What I Believe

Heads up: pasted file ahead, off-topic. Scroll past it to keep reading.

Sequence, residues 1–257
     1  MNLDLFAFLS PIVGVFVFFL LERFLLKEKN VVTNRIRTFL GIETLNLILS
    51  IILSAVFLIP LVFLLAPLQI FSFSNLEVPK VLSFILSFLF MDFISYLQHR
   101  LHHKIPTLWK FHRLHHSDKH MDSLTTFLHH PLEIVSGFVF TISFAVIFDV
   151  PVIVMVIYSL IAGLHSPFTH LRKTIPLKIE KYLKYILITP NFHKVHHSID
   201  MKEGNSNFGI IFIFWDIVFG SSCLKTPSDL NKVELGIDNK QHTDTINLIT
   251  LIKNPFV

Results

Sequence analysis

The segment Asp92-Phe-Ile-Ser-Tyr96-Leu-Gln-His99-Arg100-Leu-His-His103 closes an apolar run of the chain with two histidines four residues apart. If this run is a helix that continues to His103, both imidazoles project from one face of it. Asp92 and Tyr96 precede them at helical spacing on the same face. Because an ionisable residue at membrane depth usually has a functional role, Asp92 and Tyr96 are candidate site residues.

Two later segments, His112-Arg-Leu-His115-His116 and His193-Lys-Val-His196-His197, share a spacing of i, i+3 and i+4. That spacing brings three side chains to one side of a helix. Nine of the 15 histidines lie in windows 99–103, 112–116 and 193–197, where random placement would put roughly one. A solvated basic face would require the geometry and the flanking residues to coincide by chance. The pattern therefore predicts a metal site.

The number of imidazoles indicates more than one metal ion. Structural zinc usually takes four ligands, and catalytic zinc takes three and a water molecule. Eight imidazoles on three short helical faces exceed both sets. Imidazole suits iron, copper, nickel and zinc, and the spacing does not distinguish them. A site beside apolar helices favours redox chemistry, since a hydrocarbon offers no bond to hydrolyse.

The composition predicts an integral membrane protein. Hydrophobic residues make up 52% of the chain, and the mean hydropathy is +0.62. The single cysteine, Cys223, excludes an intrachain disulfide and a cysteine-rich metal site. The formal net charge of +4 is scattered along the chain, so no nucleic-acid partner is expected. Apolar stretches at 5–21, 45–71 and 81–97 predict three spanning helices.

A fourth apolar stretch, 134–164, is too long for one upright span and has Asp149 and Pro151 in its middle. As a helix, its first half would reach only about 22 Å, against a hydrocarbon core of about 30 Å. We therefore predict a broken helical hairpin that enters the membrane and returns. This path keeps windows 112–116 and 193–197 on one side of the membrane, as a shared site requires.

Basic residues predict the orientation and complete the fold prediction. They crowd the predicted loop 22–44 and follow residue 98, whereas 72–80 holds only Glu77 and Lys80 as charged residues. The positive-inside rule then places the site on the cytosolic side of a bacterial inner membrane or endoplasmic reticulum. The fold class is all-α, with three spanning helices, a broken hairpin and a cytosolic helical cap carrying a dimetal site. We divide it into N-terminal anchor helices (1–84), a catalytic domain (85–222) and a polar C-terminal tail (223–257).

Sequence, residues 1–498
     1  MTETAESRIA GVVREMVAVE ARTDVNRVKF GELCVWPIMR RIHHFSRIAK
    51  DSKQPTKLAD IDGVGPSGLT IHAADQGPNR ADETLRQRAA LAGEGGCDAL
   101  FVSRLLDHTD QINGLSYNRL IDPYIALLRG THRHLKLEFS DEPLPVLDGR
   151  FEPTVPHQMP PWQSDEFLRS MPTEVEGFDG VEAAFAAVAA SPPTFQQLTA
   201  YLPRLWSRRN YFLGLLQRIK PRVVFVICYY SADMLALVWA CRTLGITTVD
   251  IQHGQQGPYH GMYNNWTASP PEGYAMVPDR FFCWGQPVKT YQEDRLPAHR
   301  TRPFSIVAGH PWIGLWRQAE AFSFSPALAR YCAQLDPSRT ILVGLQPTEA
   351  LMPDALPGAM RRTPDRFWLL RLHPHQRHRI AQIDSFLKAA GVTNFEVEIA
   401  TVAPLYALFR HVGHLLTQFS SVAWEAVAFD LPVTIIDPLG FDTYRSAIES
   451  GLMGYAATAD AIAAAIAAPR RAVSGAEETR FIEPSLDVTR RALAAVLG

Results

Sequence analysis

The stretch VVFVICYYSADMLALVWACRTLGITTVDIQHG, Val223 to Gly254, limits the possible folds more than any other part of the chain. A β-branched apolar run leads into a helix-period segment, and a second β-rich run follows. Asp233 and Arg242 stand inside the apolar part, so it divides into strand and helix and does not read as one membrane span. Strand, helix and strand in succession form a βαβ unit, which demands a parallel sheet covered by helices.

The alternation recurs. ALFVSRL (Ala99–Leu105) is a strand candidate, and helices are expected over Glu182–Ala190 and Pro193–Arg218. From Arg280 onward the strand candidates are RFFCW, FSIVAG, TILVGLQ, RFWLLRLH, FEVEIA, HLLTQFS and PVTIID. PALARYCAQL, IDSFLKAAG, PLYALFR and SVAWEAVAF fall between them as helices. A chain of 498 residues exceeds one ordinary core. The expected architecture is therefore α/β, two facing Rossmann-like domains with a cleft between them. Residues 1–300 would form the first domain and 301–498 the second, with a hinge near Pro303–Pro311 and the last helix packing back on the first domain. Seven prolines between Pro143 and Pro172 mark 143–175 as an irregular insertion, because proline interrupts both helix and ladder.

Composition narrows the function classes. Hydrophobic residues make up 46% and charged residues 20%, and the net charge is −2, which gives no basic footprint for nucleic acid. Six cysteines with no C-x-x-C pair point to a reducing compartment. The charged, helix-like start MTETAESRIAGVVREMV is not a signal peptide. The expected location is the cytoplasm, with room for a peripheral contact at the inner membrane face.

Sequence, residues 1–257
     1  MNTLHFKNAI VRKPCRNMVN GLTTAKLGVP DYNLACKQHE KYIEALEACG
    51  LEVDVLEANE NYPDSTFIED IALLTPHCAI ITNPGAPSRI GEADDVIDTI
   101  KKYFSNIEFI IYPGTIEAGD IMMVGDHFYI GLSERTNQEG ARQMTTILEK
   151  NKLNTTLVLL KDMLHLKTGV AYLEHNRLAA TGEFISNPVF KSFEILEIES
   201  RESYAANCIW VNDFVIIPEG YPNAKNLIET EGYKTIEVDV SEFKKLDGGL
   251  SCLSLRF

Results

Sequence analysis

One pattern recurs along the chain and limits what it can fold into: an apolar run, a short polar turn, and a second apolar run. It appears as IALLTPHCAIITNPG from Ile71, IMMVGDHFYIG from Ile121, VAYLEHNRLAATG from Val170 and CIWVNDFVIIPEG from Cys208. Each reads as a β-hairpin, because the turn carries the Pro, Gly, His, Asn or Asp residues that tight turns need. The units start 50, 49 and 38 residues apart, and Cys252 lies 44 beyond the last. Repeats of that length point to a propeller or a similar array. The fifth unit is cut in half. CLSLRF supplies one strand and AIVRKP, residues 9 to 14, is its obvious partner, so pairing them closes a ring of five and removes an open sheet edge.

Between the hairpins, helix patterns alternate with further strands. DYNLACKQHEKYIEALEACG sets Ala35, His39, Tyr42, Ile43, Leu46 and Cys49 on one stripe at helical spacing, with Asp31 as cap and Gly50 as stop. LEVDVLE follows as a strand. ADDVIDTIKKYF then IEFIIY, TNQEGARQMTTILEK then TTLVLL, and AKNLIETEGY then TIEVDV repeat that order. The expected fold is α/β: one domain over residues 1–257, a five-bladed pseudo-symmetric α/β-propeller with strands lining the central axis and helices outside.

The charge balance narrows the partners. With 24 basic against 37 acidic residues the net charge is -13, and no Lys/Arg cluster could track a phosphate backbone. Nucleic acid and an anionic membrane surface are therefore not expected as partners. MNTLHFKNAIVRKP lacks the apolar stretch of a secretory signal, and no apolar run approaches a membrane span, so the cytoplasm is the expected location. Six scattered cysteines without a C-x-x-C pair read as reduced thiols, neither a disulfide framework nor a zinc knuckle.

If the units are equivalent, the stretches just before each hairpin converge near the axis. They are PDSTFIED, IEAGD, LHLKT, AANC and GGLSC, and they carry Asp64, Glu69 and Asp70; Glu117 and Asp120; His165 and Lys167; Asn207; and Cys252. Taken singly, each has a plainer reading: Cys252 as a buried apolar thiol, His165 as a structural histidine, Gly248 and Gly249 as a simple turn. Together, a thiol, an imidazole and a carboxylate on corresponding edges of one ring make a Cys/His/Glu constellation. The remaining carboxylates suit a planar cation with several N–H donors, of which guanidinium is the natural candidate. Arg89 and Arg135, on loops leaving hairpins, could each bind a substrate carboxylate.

Alfred Korzybski wrote his credo, "What I Believe" in 1948 at the invitation of Indian author/editor Krishna M. Talgeri for a book entitled The Faith I Live By, a "symposium" of essays with a list of invitees besides Korzybski that included Gandhi, Nehru, and Montessori, among others. The book seems never to have gotten published. Nonetheless, Korzybski made good use of the essay printed for distribution to Members of the Institute of General Semantics in September 1949 and included in the content to add to the Second Edition of Manhood of Humanity. As he wrote in a letter to members that accompanied the September 1949 mailing, "What I Believe [was] really a summary of my whole life work." The essay touches briefly, even impressionistically, on major themes in his work, connecting them to the overarching theme of time-binding. Topics include: discussion of his personal background and purposes in developing the notion of 'time-binding'; understanding not statistical averages but human potentialities within a theoretical 'deductive' framework as the sine qua none for an applied 'science of man'; the consequent importance of studying human reactions at their best and worst; time-binding and dictatorships; adequate versus inadequate linguistic and grammatical structures and the necessity of developing an adequate "unified language of evaluation" for a science of man; the overwhelming importance of "non-verbal...silent levels, [as] the key and perhaps the first step for the solution of human problems"; the role of human knowledge of "relations as factors of structure" and of postulational methods; religions and sciences; the importance of inferential knowledge; and the significance of "self-reflexive and circular mechanisms" as "the uniquely human types of reaction which made our human achievements possible." He concluded by discussing the historical importance for humans of becoming conscious of their capacities as time-binders: "...this consciousness may now mark a new period in our evolution." This brochure, part of archives orphaned by the Institute of General Semantics in 2010, has been prepared and released to the public by the Alfred Korzybski Literary Estate.